It is the duty of every American voter to be educated on the issues. As we rapidly approach another election day in November, many Democratic candidates are touting “Medicare For All” as a solution to our failing healthcare system.
Vermont Senator and avowed socialist Bernie Sanders introduced his version of healthcare reform in 2016 when he campaigned for the presidency touting a new single-payer system he calls Medicare For All. Other Democratic candidates have jumped on Bernie’s bandwagon as a growing number of mostly young Americans favor socialism over capitalism.
Today I begin a series of posts to help readers understand what Medicare For All really means to the healthcare of Americans. To assist me in this analysis I will be relying on the excellent work of healthcare economist John C. Goodman.
Ten Things You Need to Know
Goodman gives us ten fundamentals you need to understand about Medicare and what it mean if it were the only healthcare system available to everyone, as Senator Sanders promotes.
- Medicare is not really government insurance.
Although Medicare is mostly funded by taxpayers, it is not strictly a government system. It was formed originally by providing a standard benefit package offered by Blue Cross in 1965. It has always been privately administered, mostly by Blue Cross, that continues to provide private insurance to non-seniors. In recent years, one third of all seniors are enrolled in plans offered by private insurers such as Cigna, Humana, and United Healthcare under a cooperative program called Medicare Advantage.
- The most successful part of Medicare is run by private insurance.
This refers to the above-mentioned Medicare Advantage program. Studies have found this program delivers higher quality care at less cost than traditional Medicare. (Choice of doctors, however, is more limited.)
- Medicare is often the last insurer to adopt innovations that work.
Medicare started prescription drug coverage only after all the private insurers had been doing that for years. It still doesn’t pay for doctor consultations by phone, email, or Skype. It won’t pay for house calls at night or on weekends, even though the cost and the wait times are far below those of emergency rooms.
- Medicare has wasted enormous sums on innovations that don’t work.
Medicare has spent billions on pilot programs and demonstration projects trying to find ways of lowering costs and raising the quality of care. Yet instead of finding places in the healthcare system where these techniques work (private Medicare Advantage plans), Medicare set out instead to reinvent the wheel. Medicare frequently has regulations that are counter-intuitive and wasteful, such as requiring patients to be hospitalized before they can receive home physical therapy.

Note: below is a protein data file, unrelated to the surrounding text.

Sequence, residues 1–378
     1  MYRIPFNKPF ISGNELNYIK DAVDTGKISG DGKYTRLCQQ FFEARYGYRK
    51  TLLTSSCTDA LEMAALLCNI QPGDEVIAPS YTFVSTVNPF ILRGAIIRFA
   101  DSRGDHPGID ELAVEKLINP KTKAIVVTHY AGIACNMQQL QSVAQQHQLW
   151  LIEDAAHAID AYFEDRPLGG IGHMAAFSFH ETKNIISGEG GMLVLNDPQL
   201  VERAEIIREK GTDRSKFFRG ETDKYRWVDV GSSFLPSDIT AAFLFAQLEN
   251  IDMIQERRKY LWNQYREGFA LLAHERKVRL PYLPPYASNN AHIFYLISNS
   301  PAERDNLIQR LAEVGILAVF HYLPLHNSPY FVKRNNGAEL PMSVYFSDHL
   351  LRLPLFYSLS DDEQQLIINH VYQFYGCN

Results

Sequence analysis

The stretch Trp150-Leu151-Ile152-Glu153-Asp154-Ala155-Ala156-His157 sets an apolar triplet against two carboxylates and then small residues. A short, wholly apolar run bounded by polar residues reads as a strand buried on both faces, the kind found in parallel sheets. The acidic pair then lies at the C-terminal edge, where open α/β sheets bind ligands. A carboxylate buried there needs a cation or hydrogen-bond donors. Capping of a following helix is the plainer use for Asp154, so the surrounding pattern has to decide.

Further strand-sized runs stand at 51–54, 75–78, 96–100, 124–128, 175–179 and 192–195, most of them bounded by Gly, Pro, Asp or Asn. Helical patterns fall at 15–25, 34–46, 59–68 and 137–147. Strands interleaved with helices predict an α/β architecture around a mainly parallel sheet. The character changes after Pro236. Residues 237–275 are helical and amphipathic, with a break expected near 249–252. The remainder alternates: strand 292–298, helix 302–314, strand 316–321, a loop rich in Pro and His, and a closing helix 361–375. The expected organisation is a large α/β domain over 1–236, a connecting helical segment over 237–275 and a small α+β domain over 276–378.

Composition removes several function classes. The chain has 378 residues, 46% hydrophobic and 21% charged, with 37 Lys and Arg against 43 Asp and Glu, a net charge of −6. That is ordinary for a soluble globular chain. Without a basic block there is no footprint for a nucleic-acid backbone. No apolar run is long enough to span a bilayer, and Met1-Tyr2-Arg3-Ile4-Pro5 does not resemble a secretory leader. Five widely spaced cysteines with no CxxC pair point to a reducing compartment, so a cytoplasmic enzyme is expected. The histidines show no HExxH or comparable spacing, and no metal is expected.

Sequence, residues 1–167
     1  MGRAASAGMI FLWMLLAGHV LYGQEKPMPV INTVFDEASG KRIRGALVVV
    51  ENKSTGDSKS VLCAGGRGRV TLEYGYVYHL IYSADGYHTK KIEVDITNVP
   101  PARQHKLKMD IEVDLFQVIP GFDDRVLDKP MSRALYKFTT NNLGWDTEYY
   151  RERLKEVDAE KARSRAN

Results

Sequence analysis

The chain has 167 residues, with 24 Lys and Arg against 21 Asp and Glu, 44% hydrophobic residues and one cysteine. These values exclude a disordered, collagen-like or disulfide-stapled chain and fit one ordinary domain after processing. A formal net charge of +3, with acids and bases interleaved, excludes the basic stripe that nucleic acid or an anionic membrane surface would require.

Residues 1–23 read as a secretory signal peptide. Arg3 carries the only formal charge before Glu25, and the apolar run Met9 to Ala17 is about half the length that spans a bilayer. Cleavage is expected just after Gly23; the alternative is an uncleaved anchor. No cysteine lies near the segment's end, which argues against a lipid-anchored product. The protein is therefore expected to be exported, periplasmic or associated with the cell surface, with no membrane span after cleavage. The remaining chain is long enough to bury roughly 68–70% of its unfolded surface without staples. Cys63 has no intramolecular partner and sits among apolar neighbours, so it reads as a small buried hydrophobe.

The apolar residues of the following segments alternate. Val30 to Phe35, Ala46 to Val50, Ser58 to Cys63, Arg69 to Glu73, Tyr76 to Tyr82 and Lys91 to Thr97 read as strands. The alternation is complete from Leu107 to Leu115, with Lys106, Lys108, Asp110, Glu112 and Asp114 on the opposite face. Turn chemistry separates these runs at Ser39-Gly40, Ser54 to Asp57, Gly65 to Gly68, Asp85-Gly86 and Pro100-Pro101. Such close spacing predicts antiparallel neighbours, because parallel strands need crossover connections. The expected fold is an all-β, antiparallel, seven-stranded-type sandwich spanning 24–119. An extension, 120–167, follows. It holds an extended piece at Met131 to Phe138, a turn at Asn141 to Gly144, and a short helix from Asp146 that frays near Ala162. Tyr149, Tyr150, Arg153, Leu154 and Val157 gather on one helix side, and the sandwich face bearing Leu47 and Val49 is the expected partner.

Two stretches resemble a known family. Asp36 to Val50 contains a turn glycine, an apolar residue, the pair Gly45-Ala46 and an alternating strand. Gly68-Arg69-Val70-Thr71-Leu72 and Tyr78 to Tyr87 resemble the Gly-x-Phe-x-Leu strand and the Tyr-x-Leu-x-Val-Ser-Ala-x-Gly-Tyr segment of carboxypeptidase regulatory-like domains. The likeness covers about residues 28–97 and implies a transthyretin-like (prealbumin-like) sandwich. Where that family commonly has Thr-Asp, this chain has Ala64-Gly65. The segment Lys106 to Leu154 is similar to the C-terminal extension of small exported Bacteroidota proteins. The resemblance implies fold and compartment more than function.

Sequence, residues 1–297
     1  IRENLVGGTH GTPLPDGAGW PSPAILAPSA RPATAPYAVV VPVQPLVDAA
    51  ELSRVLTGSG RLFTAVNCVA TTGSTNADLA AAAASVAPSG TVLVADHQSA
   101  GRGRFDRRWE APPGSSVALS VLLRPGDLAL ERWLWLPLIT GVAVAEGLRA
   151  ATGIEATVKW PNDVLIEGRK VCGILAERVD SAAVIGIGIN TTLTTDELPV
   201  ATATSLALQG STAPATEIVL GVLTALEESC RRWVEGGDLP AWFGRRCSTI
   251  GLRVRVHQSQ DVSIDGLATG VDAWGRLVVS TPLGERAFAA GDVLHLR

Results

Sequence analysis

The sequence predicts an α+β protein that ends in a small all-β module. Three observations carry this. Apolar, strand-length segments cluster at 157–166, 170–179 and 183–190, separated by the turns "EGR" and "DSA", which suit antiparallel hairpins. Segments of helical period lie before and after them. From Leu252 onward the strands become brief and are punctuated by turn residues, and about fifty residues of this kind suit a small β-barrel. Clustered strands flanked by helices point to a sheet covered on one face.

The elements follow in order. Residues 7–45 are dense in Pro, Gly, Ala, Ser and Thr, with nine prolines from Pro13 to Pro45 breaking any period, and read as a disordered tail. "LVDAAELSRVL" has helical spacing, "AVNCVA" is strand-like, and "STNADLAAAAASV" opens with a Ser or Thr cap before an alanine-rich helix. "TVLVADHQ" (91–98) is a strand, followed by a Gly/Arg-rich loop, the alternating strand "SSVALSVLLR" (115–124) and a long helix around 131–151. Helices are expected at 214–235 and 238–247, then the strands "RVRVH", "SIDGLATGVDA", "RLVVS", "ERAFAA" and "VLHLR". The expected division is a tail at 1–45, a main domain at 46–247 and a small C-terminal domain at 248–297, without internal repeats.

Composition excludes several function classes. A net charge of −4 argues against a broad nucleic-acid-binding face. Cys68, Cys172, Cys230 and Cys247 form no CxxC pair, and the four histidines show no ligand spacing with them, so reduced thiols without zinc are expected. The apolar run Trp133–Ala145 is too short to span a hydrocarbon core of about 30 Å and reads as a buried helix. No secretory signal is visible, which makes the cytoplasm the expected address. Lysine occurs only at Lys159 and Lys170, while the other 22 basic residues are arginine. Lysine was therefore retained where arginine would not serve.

- Most seniors in conventional Medicare are participating in stealth privatization, even though they are unaware of it.
There are over 32.7 million patients enrolled in a managed care program called Accountable Care Organizations (ACOs). The Obama administration started this practice without telling seniors they were participating in a grand experiment. Not only that, but it is illegal for an ACO to tell a senior they are enrolled! Furthermore, ACOs are not achieving their intended purpose – they are neither saving money nor are they improving the quality of care.
- There is nothing Medicare can do that employers and private insurers can’t do.
For many years the Physicians for a National Health Program argued that a single-payer health insurer would be a single buyer in the market for physicians’ services. They reasoned this would give the government the power to bargain down the fees paid to physicians. Reality, however, is that Medicare doesn’t bargain with anyone. They simply put out a price for services and doctors can either accept or reject it. Private insurers have been doing the same thing for years. This is currently bringing doctor fees down in the ObamaCare exchange market – which is why the best doctors and hospitals avoid these plans.
- Medicare for all would be costly.
There is no such thing as a free lunch. This is one of the first lessons of adulthood. Even Bernie Sanders admits this, but only when pressed. A study by Charles Blahous of the Mercatus Center has estimated the cost at $32.6 Trillion over the first ten years. This would necessitate a minimum of a 25% payroll tax – but only if it is assume doctors and hospitals provide the same amount of care they provide today. Since Medicare rates are 40% or more below private rates, a realistic assumption is that doctors and hospitals would increase the amount of care to make up the difference. This would then require at least a 30% payroll tax.
(This post will be continued next time.)